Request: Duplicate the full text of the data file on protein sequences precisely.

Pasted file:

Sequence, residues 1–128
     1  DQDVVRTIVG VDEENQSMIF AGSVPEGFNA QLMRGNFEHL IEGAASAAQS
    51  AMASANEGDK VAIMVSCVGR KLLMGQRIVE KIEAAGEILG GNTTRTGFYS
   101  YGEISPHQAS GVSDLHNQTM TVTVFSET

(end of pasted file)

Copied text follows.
Sequence, residues 1–128
     1  DQDVVRTIVG VDEENQSMIF AGSVPEGFNA QLMRGNFEHL IEGAASAAQS
    51  AMASANEGDK VAIMVSCVGR KLLMGQRIVE KIEAAGEILG GNTTRTGFYS
   101  YGEISPHQAS GVSDLHNQTM TVTVFSET